Notting Hill Carnival lit up the bank holiday

BY KATE DENNETT
yann@londonweeklynews.online

Residents flocked to enjoy the scorching bank holiday weekend at London’s most famous carnival.

Notting Hill Carnival has been running for more than 60 years and is one of the city’s largest celebrations of diversity and boldness.

More than one million people took part in this year’s festival to keep Caribbean culture alive and thriving in the city.

The streets of Kensington were once again overtaken by residents dressed in extravagant costumes to celebrate Caribbean culture.

A dancer waits to perform during the the Notting Hill Carnival in west London.

Alexandra Burke is the first ever Ambassador for Notting Hill Carnival 2018/19, and continues to speak out in support of the carnival.

Last year was the new organisers’ first, and they continue to expand as they have taken on nine more passionate ambassadors, including Levi Roots.

Rita Ora also attended the 2019, event dressed in pink attire with her hair to match.

The origins of the celebration date back to the 1800s and with the emancipation of slavery in the Caribbean.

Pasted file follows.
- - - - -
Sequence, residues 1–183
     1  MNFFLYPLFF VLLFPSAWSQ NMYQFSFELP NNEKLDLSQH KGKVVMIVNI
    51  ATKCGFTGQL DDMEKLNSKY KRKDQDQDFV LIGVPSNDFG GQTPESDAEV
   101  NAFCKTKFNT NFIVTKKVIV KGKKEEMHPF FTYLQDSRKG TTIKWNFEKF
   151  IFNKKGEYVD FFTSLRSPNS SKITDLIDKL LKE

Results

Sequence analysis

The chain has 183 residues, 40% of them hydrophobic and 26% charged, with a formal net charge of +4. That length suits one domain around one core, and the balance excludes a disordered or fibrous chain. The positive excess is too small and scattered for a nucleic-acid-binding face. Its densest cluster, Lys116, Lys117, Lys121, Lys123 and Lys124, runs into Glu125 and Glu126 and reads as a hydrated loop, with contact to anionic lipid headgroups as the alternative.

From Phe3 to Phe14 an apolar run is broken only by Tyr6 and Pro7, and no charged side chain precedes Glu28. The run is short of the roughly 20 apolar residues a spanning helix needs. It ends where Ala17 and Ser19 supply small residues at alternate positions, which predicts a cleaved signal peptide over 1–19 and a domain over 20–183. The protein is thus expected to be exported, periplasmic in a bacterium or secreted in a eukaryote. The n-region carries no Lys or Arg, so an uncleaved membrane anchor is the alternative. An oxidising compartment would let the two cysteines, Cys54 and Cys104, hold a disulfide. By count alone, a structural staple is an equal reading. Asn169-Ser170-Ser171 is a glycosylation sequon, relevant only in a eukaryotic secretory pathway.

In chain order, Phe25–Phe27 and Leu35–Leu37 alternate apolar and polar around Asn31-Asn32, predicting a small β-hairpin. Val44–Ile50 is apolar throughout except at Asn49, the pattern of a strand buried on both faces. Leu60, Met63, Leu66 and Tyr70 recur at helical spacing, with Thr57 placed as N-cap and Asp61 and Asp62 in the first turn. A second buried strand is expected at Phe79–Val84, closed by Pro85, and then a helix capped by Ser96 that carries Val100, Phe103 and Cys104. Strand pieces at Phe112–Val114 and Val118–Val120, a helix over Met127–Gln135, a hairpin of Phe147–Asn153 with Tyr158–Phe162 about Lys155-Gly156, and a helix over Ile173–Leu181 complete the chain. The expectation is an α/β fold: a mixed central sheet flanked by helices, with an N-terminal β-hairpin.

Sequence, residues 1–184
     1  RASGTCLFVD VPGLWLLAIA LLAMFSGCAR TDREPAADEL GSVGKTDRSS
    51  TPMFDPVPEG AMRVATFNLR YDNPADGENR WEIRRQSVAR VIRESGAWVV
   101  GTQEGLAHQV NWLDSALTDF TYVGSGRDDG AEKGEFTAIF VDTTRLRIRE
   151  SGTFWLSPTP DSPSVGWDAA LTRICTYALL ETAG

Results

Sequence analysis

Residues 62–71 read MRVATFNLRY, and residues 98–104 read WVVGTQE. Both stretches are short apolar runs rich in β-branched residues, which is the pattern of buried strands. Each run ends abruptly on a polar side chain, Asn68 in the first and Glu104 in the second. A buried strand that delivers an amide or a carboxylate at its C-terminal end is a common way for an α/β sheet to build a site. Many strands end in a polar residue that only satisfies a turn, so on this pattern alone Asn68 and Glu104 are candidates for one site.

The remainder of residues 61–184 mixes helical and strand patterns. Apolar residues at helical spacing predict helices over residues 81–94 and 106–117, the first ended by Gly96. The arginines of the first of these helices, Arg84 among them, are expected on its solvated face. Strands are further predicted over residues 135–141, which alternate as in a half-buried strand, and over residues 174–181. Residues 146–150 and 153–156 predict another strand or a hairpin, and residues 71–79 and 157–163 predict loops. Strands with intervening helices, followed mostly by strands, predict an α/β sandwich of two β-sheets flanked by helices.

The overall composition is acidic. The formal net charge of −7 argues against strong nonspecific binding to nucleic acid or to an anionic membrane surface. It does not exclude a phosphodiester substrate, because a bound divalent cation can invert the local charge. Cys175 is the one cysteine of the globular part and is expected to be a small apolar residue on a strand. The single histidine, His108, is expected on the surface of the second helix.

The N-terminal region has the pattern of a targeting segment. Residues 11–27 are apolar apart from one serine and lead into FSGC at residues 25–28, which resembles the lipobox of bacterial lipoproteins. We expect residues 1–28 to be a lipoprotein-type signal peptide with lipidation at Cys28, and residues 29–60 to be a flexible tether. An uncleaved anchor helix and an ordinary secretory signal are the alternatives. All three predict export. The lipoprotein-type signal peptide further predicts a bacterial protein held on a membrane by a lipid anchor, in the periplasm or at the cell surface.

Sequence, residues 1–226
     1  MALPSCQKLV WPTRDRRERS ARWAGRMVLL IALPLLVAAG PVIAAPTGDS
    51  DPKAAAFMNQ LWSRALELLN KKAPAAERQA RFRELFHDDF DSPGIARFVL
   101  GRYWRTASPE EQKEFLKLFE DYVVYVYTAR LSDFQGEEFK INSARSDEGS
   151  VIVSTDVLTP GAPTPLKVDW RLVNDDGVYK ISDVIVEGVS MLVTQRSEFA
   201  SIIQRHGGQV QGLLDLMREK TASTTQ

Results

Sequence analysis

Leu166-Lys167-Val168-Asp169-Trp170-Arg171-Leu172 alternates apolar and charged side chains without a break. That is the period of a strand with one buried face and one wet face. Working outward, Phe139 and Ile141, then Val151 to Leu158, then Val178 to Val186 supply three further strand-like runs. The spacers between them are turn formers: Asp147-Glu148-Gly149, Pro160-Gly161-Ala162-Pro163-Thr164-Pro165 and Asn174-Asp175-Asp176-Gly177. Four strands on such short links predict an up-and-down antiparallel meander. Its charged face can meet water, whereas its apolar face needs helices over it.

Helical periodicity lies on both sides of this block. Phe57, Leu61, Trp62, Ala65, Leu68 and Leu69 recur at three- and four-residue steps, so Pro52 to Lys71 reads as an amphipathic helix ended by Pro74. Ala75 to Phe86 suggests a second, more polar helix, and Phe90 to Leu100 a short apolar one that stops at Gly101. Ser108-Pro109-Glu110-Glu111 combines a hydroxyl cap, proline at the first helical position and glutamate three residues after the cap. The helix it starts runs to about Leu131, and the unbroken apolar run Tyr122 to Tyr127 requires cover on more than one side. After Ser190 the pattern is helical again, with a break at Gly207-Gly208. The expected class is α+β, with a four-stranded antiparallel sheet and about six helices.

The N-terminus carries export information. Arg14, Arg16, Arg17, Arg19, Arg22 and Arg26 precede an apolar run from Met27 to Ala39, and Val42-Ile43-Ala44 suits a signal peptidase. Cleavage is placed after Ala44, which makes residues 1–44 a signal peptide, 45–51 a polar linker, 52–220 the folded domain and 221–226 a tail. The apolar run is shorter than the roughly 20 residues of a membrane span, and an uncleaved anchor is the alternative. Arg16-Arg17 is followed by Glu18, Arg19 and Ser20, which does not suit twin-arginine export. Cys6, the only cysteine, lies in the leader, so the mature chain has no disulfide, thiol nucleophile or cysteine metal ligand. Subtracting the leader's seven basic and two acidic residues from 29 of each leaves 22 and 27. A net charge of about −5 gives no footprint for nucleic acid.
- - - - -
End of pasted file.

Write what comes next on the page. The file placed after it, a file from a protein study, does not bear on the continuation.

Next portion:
Slaves used to mimic their masters’ elaborate ball-costumes, adding their own flare and culture to their own costumes.

Caribbean carnival developed as a fusion of cultures after the abolition of slavery and became an annual celebration in London when the Windrush generation set up homes in the city.

Community activist Claudia Jones wanted to unite the community of migrants and held the first indoor Caribbean Carnival at St Pancras Town Hall in 1959.

Brazilian Bands have now become an important part of the festival since they were introduced in 1984 by The London School of Samba. They bring choreographed dance routines and synchronised drumming to the lively atmosphere.

A paramedic joins dancers during the the Notting Hill Carnival in west London.

Residents were blessed with sunshine and hot weather this bank holiday weekend as they took to the streets to fuse music, dance, food and fashion in celebration.

Mas bands – short for masquerade – make up an integral part of the festival, and this year continued to bring their own flare and colour to the celebration.

The Bacchanalia mas band and the Mangrove mas band were two of the most prominent groups of performers at the festival as they wowed their peers with their talents.

The UK National Steelband Panorama Competition took place on Saturday – one of the most anticipated parts of the festival. Croydon Steel Orchestra, Ebony, Mangrove and Metronomes were only some of the incredible bands that showcased their talents during the competition. Some of the bands make up to around 100 players as they filled the air with their fascinating sounds.

Many came from across the country – and around the globe – to experience the festival, and some even showed off their sewing talents with their handmade costumes.

Thames Water joined Notting Hill Carnival this year in its fight against single use plastics. Its tap bar was on hand for people to fill up their own bottles and stop extra plastic waste.

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